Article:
Full refresh and restoration plans offered by NISMO and Honda for their top tier cars such as the GT-R and NSX are another way OEMs support their heritage cars. However, these command hefty premiums—a “new” restored R32 can come close to $400,000 and waiting lists can stretch out over a couple years. Mazda offers a similar program within Japan for their MX-5, albeit at a slightly more affordable cost of just under $50,000.
The strong enthusiast culture around Japanese cars has always relied not only on manufacturers but on a hugely popular tuner ecosystem. In a time where parts are becoming harder to find, this additional layer of support may prove key to preserving these freshly-considered classics.
“As a result of the resurgence of demand, Greddy has brought back some items that were discontinued long ago,” said Sumino.
If you are a Japanese car enthusiast, Greddy is a familiar name. The aftermarket parts supplier and parts importer has been a critical source for tuners across the globe for decades, and Sumino has been with the company since 1995. He’s seen firsthand industry trends come, go, and return again. He says Greddy is stocking a lot of products for Skyline GT-Rs, in large part to serve a new audience in the United States, and has also seen an uptick in interest in products for Nissan’s 300ZX and the Mazda RX-7.
In addition to people pursuing dream cars of their youth, Sumino sees another factor driving demand: “There aren’t that many new cars for enthusiasts, so people are going back to ’90s cars and enjoying them.” He added that many of Greddy’s top-selling items are for older cars, even though they have many offerings for new cars, too.
“It’s a little bit like American hot rod culture,” Sumino said. He indicated that original-condition cars are retaining the most value, but work done by known tuning shops or tasteful modifications would not devalue the car significantly, or at all. “Like with American muscle cars, the restomod movement is strong in the Japanese market,” he shared. Top-tier shops, like Takahashi’s Built by Legends, offer complete restomods of iconic tuner cars.
Sometimes the used marketplace is the only option for those obscure aftermarket parts you’re after. If you want that special part to impress your friends at the next car meet, head over to Instagram. There you’ll find users like s_jerin or gtr_europe, who trade in motorsports jackets, steering wheels, transmission gears, or anything you can imagine for your JDM classic. These two sellers primarily list GT-R-related items, but they and others like them are an excellent source for unique finishing touches to set your ride apart. Be prepared for the price tag, though—many, if not most of the items listed are out of production and unlikely to make a return.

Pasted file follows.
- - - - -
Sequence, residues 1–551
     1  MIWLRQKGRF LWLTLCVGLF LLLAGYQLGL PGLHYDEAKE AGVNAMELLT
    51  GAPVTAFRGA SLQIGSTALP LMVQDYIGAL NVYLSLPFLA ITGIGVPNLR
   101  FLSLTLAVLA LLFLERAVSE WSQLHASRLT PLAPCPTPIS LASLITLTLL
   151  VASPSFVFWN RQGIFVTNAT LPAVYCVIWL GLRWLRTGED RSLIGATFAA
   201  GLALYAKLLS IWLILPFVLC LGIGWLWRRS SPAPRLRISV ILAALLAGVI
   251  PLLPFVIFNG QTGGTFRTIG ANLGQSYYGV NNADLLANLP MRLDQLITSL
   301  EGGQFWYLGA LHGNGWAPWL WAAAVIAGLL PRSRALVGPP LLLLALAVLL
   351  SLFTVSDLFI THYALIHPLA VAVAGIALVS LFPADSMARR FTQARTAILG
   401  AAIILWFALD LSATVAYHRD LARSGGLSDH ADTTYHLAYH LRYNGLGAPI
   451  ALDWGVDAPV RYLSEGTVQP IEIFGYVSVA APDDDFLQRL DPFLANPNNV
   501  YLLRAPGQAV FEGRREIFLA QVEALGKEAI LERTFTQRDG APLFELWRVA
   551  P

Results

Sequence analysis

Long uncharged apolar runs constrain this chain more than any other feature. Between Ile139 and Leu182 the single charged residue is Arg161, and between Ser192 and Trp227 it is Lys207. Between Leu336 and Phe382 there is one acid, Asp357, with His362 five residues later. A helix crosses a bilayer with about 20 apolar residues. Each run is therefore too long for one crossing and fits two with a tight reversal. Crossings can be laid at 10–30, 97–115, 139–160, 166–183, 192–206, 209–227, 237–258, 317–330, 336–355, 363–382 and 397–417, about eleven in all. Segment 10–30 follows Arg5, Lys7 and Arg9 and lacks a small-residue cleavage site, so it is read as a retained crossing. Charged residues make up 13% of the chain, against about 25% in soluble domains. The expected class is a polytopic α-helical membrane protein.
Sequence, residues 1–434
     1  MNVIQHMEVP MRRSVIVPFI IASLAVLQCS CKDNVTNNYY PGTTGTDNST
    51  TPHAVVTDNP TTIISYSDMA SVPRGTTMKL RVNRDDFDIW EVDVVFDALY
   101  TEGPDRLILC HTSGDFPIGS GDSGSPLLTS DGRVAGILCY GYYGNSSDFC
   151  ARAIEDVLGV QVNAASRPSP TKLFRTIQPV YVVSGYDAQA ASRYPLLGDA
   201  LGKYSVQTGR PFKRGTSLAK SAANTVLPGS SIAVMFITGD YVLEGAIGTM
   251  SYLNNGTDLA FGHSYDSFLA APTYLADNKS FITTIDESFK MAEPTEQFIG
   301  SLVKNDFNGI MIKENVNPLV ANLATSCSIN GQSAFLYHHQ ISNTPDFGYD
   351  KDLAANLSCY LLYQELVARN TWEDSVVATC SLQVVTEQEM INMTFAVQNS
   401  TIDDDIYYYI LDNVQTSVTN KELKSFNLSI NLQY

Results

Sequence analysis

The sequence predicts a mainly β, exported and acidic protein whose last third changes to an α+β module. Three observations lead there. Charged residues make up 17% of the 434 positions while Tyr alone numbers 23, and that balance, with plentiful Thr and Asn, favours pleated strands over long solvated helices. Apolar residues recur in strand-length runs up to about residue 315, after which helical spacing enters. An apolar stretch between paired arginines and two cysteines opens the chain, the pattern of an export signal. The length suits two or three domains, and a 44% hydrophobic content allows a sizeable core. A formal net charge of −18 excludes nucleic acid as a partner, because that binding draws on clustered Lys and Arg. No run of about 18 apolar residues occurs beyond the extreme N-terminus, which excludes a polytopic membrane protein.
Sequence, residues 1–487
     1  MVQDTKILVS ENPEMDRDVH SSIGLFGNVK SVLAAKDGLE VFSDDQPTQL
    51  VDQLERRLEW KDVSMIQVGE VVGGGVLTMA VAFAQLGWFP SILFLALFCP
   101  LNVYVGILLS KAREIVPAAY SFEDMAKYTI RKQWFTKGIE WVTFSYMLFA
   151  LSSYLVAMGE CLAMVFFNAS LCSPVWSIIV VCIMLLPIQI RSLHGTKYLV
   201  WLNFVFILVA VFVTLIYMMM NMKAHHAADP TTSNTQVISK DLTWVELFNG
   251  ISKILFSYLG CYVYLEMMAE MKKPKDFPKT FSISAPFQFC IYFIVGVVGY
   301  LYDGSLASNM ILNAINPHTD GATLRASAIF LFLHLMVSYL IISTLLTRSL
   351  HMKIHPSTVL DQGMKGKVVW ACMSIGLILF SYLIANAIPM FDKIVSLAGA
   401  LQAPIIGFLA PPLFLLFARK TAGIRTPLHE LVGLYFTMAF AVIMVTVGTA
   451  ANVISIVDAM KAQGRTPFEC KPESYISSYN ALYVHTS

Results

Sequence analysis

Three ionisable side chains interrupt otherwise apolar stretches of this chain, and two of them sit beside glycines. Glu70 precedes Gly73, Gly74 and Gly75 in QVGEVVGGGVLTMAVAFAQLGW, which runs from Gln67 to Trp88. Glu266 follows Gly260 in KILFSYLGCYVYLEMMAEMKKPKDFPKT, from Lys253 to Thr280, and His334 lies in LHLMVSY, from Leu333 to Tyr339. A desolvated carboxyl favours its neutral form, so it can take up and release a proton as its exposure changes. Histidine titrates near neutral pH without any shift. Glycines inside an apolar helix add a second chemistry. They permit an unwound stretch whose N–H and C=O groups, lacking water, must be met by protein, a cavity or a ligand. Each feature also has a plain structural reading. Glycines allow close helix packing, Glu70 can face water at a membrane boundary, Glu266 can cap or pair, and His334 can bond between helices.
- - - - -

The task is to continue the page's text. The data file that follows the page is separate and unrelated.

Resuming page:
What about those of us who race these vintage Japanese cars? As I discovered first-hand, the stresses of the track—exacerbated by tires with increased grip—can torment a sub-standard replacement part. Visit any SCCA or NASA race weekend across the country and you are bound to see a fleet of older Miatas, several RX-7s, and a swath of different Hondas, all of them voraciously consuming everything from ball joints to clutches much faster than street cars.
For my hubs, at least, there’s a solution. Justin Lee and Jeff Preston of MiataHubs have been racing Miatas for years and experienced multiple failures along the way. “The quality of the current parts store hub offerings is disappointing to say the least,” Lee said, “but even with the original OEM Mazda quality and tolerances, the stock hubs that were designed for 185-section tires and 115hp aren’t up to the task of today’s Miata racecars, especially in endurance racing.”
After two years of prototyping, testing, and a very productive collaboration with the research and motorsports divisions of SKF, a well-known bearing supplier, MiataHubs was born. Their billet-machined hub addresses weaknesses only made apparent by racing.
As we see elsewhere, the solution isn’t cheap: at more than $1,200 for a set of front hubs, MiataHubs are about six times as expensive as a pair from Timken, an OEM and aftermarket supplier. But that’s a small cost for something that prevents catastrophic failure and helps Japanese sports cars maintain their strong presence on racetracks across the globe.
Whether you’re looking to return your 300ZX to showroom original or flog your ’99 Civic SI at a track day, finding the right parts has, no doubt, become harder and more expensive. Fortunately, companies and enthusiasts are taking note of the rising parts demand and are beginning to meet market needs. Just the same, be prepared to spend some time and diligence searching, and likely waiting, for that key component to your build.